The Toronto Caribbean Carnival kicked off its 51st year in grand style at Nathan Phillips Square on Tuesday with plans to ramp things up for 2018.
"This year is the year of experience. We're trying to get people to experience the festival more," Chris Alexander, chief administrative officer for the Toronto Caribbean Carnival's Festival Management Committee, told CBC Toronto.
And there will be plenty of opportunities to do so as the festival has a number of big events planned for the following weeks, including the Junior Carnival King and Queen Showcase on Sunday, Calypso Showcase on July 29 and the Grand Parade on Aug. 4.
"Every year we welcome hundreds of thousands of people from across North America to Toronto in celebration of Caribbean heritage," Denise Herrera Jackson, CEO of the Festival Management Committee, said in a media release.
"As the largest outdoor festival in North America we know how to have a good time and encourage people both near and far to join the fun."
That fun included its official launch on Tuesday where the Toronto Mas Bands Association, the Organization of Calypso Performing Artists and the Ontario Steelpan Association brought the sights and sounds of the islands to the city.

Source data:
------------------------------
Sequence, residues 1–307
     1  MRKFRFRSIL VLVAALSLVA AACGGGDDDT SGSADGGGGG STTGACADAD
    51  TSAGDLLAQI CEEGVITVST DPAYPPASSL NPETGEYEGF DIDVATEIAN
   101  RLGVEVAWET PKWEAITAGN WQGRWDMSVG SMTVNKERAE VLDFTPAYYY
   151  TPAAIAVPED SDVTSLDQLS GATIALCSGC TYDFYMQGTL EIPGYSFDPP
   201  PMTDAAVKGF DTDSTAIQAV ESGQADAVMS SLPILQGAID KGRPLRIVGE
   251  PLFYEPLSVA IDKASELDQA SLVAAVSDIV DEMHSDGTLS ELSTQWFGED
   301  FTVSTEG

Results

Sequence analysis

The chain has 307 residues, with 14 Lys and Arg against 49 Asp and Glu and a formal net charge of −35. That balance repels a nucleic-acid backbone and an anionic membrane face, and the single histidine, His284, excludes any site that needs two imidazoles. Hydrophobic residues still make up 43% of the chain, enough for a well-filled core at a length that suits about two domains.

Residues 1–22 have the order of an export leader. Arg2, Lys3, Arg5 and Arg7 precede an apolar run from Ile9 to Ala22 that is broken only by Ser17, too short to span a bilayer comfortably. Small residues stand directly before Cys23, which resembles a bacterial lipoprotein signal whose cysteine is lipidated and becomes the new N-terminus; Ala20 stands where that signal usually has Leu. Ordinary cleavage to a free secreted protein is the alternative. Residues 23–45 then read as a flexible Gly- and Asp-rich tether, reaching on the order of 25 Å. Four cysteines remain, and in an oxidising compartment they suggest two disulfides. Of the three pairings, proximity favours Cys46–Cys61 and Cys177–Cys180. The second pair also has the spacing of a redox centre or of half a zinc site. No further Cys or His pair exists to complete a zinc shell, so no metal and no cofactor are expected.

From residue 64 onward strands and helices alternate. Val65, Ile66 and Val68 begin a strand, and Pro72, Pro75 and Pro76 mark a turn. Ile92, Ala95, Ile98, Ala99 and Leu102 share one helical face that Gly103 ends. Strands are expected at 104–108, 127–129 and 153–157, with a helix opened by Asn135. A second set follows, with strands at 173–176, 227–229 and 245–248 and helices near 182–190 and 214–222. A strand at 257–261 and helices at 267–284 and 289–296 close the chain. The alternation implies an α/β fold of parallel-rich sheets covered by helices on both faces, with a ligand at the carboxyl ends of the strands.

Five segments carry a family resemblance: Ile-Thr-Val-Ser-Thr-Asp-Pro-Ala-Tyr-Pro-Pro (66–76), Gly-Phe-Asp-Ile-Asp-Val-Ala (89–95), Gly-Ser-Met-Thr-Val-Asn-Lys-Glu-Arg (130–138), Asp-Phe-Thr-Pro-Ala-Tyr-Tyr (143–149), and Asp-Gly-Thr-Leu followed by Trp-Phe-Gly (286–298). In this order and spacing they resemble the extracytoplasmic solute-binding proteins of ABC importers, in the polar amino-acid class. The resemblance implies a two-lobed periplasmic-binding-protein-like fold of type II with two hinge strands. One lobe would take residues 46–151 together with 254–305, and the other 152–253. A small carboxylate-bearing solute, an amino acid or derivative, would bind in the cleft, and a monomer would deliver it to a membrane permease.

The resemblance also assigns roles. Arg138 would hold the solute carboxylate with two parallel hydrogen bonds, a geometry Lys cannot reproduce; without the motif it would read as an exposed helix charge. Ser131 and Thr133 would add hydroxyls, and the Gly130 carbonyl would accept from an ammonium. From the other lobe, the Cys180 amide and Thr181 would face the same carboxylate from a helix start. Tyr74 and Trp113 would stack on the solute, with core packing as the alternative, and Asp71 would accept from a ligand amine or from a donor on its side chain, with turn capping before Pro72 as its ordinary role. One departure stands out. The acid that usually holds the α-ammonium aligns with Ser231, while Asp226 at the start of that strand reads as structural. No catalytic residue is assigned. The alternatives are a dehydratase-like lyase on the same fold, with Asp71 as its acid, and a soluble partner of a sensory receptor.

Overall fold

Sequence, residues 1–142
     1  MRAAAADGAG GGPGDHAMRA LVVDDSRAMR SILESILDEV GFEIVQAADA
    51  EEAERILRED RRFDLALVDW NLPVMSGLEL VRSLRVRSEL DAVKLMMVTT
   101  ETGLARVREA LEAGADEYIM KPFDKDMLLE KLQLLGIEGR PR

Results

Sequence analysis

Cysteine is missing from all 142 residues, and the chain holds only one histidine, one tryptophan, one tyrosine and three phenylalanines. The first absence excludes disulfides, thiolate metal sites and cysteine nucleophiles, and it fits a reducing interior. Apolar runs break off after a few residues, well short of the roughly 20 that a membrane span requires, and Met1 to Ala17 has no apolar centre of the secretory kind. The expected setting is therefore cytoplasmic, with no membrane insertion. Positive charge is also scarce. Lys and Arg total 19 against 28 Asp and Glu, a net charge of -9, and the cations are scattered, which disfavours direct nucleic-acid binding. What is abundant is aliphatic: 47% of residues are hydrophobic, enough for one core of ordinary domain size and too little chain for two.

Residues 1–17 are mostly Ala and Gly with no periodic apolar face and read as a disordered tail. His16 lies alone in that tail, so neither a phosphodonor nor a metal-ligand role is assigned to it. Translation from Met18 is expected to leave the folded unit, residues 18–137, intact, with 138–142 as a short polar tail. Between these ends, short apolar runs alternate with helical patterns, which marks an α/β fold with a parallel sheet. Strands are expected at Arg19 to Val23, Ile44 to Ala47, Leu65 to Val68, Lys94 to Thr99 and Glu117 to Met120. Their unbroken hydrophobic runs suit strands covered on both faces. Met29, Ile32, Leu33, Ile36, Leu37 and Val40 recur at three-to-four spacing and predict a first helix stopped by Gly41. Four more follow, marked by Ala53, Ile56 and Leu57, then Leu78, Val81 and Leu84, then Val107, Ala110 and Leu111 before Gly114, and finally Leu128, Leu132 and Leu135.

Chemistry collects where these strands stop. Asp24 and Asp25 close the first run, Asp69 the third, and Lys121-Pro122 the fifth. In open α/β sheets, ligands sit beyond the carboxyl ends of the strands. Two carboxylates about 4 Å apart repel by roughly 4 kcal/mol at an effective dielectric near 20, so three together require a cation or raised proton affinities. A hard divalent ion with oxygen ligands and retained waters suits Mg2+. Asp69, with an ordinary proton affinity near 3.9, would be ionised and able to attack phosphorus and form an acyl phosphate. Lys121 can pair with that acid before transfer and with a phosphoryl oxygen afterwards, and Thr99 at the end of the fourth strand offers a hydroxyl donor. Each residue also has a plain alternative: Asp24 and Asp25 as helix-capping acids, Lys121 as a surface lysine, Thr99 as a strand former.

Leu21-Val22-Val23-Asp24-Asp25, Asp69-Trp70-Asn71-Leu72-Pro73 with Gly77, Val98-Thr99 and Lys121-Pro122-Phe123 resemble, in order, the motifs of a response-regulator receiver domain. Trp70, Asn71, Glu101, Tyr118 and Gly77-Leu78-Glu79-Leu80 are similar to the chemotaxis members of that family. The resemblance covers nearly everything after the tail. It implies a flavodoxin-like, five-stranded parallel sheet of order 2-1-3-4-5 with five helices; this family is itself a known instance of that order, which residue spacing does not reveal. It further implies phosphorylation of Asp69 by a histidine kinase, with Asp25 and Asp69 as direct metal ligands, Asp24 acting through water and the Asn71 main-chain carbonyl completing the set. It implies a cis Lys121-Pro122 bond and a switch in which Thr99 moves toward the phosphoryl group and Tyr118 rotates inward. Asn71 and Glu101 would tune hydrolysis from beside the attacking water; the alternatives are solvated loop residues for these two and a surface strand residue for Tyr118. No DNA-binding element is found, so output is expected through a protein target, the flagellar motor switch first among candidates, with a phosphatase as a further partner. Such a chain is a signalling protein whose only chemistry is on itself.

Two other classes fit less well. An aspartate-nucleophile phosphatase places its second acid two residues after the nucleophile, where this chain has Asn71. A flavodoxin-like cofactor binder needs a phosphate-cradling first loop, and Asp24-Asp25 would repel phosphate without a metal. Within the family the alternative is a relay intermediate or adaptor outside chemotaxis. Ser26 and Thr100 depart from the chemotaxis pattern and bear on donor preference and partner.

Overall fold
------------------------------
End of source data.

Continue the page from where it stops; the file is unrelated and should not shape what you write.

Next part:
And organizers say they're already seeing strong interest.
"A lot of the bands are selling out costumes right now, which is a good sign that more people are planning to play mas," Alexander said. "The hotels are filling up, so obviously we know that people are coming into the city."
Valerie Williamson and Juliana Prospere were at the launch event as traditional mas character Dame Lorraine.
They say they've been representing the history of carnival for three years.
Juliana Prospere, left, and Valerie Williamson, right, were both at the launch event as traditional mas character Dame Lorraine.
"We're just trying to tell the story of carnival, the origins of carnival, to keep it fresh," Prospere said. "We want people to remember that carnival is not the feathers and swimsuits, but there's a story behind it."
Organizers say that this year's theme, "Canada's Celebration of Freedom and Diversity," was inspired by Carnival's beginnings, a celebration of freedom from the oppression of slavery.